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Is Your Dental Floss Poisoning You?

New research measuring blood samples of 178 middle-aged persons indicates that certain types of dental floss may be contributing to higher levels of certain toxins in your body. The Atlanta Journal-Constitution said that previous reports on the floss in question — products designed to make the floss glide through your teeth — have highlighted their use of Teflon-like compounds.


In response, Procter & Gamble, maker of Crest and Oral-B floss, said the company had “confirmed none of the substances in the report are used in our dental floss.”

This study, which researchers admitted was based on self-reported use that needs additional data, may need some clarifying before anyone can specifically condemn dental floss for possibly poisoning you, but one thing’s for certain, and that is the chemicals in question — perfluoroalkyls or PFAS — are pervasive toxins.

According to a 2016 Harvard study, 16.5 million Americans have detectable levels of at least one kind of PFAS in their drinking water, and about 6 million Americans are drinking water that contains PFAS at or above the EPA safety level.

PFASs have been found in air, surface water, groundwater, drinking water, soil and food, and humans can be exposed via all of these sources. In studies, the highest concentration levels of PFASs were found in watersheds near industrial sites, military fire training areas and wastewater treatment plants, but private wells were also found to be contaminated.

People living near former PFAS manufacturing plants and military bases have been particularly affected by the contamination, although it's widespread across the U.S. The Department of Defense has also reported that at least 126 drinking water systems near military bases are contaminated with PFASs, due to their use in firefighting foam.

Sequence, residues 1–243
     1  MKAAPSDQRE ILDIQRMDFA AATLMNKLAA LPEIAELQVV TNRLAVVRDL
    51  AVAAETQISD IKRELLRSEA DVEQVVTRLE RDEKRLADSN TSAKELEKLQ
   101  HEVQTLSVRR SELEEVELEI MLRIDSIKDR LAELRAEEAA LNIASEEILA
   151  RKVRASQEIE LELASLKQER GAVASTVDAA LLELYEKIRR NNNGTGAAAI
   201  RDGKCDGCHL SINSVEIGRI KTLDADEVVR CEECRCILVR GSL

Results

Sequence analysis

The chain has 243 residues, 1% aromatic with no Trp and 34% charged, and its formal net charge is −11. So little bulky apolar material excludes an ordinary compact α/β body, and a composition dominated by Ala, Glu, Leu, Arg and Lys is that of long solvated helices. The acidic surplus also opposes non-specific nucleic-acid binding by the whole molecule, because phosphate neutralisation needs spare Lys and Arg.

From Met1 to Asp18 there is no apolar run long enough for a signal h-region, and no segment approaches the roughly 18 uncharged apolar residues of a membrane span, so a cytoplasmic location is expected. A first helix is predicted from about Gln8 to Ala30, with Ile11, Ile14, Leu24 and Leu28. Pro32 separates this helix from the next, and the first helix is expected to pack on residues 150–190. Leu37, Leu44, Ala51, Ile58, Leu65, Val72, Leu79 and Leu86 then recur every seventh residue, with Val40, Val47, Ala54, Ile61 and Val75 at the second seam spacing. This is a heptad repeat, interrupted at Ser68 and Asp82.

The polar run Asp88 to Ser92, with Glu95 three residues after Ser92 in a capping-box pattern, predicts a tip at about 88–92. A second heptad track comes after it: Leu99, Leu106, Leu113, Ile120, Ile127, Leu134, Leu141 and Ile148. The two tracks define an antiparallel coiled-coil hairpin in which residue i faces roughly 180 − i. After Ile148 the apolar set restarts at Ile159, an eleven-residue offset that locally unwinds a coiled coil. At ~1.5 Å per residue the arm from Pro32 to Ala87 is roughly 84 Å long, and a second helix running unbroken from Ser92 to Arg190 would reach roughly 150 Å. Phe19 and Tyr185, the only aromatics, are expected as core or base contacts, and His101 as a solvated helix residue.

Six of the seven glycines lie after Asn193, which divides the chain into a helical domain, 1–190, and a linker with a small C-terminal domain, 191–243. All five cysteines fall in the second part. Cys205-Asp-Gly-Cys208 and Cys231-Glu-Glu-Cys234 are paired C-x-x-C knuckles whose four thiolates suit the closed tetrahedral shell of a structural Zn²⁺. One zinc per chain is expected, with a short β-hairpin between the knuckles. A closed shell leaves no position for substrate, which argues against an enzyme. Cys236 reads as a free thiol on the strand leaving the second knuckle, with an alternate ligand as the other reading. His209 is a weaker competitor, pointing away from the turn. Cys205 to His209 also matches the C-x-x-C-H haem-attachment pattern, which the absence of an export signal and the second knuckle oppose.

In water alone, the Environmental Working Group (EWG) set out to determine how widespread the contamination really is — and found up to 110 million Americans drinking water from more than 1,500 U.S. drinking water systems could be at risk. What this all means is that you must be your own advocate, especially when it comes to drinking water. Right now, the full extent of PFAS contamination from all sources is unknown, but there's a good chance your drinking water could be contaminated to some extent.

The existence of chemicals like PFASs, which have no taste or smell, in drinking water is the reason everyone should filter their water — but be aware that most common water filters available in supermarkets will not remove PFASs.

You really need a high-quality carbon filtration system to do that. To be certain you're getting the purest water you can, filter the water both at the point of entry and at the point of use.

This means filtering all the water that comes into the house and then filtering it again at the kitchen sink and shower. The New Jersey Drinking Water Quality Institute recommends using granulated activated carbon "or an equally efficient technology," which may be able to remove up to 90 percent of these chemicals.

In addition, everyone would be well served by following the Madrid Statement's recommendation to avoid products containing, or manufactured using, PFASs, which includes most products that are stain-resistant, waterproof or nonstick — and, possibly, dental floss.

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